So, I think it is perfectly reasonable to be angry that Brett Favre is no longer with the team. The question is, what to do now? How to heal up and enjoy football again. Here are a few ideas:

Don’t be angry with the Packer players, especially Aaron Rodgers. I think it’s really poor sportsmanship to boo the players in practice or at the games. They have no say in personnel decisions. Truth be told, each of them knows they could be the next one shipped out in a trade or an outright release. And I imagine if they did get to vote on the issue, they would have nearly unanimously said to keep both Aaron Rodgers and Brett Favre.

This continues in the blog post that follows...

Monday, August 11, 2008

Healing Broken Packer Hearts Part II

Radical Idea: Root for the New York Jets. I’ve visited the Jets website and they are quite welcoming to Packer fans. Numerous fans have already posted that they will be Jets fans this season, and are now “former” Packer fans. The Jets seem to have lots of good players, and their fan base in obviously energized. It could be quite exciting to watch Brett guide a team that was 4-12 last year to a 10-6 record or better this year.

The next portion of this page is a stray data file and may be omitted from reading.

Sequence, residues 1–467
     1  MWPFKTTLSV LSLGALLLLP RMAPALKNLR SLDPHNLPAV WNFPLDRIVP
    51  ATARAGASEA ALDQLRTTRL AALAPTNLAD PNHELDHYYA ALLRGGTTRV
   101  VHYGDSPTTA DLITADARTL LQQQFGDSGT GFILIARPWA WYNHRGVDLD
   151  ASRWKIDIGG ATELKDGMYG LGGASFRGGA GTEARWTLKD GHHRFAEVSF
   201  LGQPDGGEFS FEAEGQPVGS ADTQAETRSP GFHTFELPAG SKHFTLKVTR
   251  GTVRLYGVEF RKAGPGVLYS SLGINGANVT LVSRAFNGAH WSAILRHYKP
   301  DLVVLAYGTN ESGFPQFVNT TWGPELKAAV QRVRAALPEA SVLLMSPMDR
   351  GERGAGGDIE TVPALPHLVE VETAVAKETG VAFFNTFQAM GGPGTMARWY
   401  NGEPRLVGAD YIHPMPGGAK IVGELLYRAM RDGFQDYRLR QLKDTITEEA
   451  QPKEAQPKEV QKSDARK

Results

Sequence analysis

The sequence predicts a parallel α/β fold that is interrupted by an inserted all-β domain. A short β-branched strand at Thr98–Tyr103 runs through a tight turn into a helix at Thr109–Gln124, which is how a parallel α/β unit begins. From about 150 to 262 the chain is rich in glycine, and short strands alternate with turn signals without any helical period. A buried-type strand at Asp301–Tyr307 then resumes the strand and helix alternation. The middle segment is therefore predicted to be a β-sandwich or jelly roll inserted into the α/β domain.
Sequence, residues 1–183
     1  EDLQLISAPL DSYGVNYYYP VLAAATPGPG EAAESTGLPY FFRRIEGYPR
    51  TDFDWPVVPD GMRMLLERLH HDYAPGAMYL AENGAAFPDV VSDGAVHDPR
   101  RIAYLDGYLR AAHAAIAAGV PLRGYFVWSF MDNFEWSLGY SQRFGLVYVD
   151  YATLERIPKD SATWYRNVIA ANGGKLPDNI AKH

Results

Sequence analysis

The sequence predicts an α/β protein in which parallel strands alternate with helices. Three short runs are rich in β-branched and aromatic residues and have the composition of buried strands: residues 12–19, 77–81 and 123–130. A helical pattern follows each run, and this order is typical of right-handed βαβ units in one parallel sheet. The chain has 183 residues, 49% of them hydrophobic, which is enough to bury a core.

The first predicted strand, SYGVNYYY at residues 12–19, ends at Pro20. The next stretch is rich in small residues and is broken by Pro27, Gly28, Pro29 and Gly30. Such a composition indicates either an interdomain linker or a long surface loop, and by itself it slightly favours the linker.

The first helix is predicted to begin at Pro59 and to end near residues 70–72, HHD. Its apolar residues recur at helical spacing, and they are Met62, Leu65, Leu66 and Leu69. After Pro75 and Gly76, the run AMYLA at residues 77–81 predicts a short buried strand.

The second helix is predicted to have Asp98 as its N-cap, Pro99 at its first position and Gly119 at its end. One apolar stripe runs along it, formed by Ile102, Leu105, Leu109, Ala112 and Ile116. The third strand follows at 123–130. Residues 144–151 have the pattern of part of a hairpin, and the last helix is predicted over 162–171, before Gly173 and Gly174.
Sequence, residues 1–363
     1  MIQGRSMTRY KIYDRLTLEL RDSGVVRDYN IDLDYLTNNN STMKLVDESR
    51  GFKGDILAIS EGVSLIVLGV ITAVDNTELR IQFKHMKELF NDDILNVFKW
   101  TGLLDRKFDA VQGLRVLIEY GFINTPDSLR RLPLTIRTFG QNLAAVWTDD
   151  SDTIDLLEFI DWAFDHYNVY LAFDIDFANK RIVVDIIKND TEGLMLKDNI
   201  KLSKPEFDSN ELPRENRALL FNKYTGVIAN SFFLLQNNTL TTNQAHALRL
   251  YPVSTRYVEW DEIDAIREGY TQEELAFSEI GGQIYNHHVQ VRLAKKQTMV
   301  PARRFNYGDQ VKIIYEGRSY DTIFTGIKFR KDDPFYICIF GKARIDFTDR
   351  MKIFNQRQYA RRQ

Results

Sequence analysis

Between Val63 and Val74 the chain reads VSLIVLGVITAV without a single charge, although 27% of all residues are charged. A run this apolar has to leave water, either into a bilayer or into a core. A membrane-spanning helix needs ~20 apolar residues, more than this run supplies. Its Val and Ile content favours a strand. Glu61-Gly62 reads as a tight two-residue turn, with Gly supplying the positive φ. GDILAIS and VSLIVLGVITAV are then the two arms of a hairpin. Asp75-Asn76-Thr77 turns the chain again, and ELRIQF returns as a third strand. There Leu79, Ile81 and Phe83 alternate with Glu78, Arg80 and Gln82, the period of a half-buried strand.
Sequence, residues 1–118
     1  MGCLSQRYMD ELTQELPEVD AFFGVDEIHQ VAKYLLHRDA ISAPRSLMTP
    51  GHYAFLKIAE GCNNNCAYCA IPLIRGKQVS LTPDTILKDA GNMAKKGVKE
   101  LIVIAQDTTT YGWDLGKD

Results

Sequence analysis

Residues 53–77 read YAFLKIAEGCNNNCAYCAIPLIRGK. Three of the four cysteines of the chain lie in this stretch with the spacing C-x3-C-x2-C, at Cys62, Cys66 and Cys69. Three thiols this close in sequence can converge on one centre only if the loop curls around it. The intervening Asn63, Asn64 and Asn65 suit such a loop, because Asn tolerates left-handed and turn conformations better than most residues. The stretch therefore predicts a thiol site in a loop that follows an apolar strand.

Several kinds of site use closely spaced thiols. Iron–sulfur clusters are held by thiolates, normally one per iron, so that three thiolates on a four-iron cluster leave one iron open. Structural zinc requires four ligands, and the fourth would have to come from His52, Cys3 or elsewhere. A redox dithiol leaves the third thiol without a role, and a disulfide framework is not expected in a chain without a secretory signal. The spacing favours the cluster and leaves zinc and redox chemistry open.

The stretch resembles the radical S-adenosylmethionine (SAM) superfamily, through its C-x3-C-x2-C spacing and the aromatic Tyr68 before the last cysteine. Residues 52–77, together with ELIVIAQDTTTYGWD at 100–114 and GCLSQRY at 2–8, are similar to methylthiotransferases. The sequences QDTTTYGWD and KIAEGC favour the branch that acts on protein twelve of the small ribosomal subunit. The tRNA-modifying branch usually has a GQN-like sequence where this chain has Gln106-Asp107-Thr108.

And guys will be pleased to know the Jets just hired the lovely Jenn Sterger to be the host of their Gameday broadcasts. Not sure exactly what her NFL experience is, but she’s bound to be more interesting than some of the guys on the broadcast networks.

Take a Season Off. Time heals all wounds. Instead of watching the games and getting mad, just do something else on Sundays. Sure, check the scores or watch the highlights, but you don’t have to plan the whole day around the Packers’ game. Since they’ve been around for 90 years, they’ll most likely be around next year, too.